Nov 12 3:26 PM

With CeaseFire cutbacks, 'Shotgun' Brown faces uncertain future

In the food truck he operates, Derek "Shotgun" Brown talks to an 11-year-old customer about the pitfalls of gang violence on the South Side of Chicago. Brown has been working out of a food truck since the anti-violence CeaseFire group closed its offices in the city's South and West Sides.
America Tonight

On one of the toughest corners on Chicago’s West Side, Derek “Shotgun” Brown discovered that his food truck was missing some important materials.

“Someone broke into my truck and stole my grills, man,” Brown told America Tonight correspondent Christof Putzel. “They took like two of my grills.”

For Brown, life is different now. It has been two months since CeaseFire, an organization that tries to mediate gang conflicts, was forced to shut down its South Side and West Side offices in Chicago. The one-year, $1 million funding initiative for the group dried up, putting some employees including Brown out of work. There has been talk that the city might allocate money for CeaseFire in the 2014 budget, but that remains to be seen.

In August, America Tonight did a special four-part series on gang violence in Chicago, and the people working to end it. Brown, a former chief of the notorious Vice Lords street gang, turned his life around, joining CeaseFire as a "violence interrupter" to help young people avoid the pitfalls of gang life.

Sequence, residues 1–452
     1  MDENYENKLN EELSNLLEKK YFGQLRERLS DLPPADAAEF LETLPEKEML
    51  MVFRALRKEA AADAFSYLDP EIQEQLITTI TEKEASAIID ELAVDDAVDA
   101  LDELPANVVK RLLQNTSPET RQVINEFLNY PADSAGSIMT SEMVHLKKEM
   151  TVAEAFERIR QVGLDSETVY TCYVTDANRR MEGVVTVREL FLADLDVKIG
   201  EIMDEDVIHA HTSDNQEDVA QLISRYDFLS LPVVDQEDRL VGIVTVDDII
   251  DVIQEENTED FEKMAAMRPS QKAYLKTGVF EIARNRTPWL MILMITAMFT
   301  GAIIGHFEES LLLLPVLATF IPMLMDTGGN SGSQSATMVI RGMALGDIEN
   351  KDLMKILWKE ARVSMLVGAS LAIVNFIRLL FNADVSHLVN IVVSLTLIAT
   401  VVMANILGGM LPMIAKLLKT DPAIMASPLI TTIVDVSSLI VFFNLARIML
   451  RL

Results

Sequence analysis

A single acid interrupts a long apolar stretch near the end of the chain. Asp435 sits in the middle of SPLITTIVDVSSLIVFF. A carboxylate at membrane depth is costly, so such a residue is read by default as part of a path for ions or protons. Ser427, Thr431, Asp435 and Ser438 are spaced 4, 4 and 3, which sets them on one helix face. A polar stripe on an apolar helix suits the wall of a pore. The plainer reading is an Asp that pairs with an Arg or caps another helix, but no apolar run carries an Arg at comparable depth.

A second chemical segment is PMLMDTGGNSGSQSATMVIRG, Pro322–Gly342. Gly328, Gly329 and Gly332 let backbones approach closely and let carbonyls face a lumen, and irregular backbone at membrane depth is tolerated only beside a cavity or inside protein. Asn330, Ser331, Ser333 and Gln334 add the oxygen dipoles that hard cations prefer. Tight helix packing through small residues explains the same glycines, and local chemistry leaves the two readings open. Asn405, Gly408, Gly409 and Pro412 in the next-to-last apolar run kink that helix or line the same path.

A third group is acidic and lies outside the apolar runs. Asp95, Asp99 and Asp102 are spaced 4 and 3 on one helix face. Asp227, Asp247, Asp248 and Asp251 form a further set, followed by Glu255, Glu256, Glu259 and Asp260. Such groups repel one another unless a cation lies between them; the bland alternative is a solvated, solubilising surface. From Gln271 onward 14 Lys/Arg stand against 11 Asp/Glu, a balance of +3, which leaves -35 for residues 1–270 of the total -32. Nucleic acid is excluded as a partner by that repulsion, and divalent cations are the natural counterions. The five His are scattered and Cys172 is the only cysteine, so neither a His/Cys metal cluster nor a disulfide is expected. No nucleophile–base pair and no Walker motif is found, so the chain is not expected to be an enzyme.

CeaseFire approaches violence like a contagious disease, and its violence interrupters, alumni of the streets themselves, try the break the cycle of retaliatory violence by talking to gang members and sharing their story.

A 2008 evaluation, conducted by Northwestern University and funded by the U.S. Department of Justice, found that CeaseFire's work led to a significant reduction in shootings in the neighborhoods where it operated. The model was replicated in Baltimore, Kansas City, Mo., Brooklyn, N.Y., and Basra, Iraq. In 2012, the United States Conference of Mayors passed a resolution of support for violence prevention strategies "pioneered by the CeaseFire health approach." 

But not even support from the community could help save CeaseFire, leaving Brown and others without jobs. Considering his past, which includes serving a number of years in prison, the prospects of finding a different job were low. “For me to go for a job, they look at my background and it’s automatically X’ed out,” Brown told Putzel. He later added: “We are stuck between a rock and a hard place.”

But Brown had to eat, so he decided to open a food truck.

For more on Brown’s story post-CeaseFire, watch America Tonight at 9 p.m. ET, and read up on stories from our Fight for Chicago series.

America Tonight



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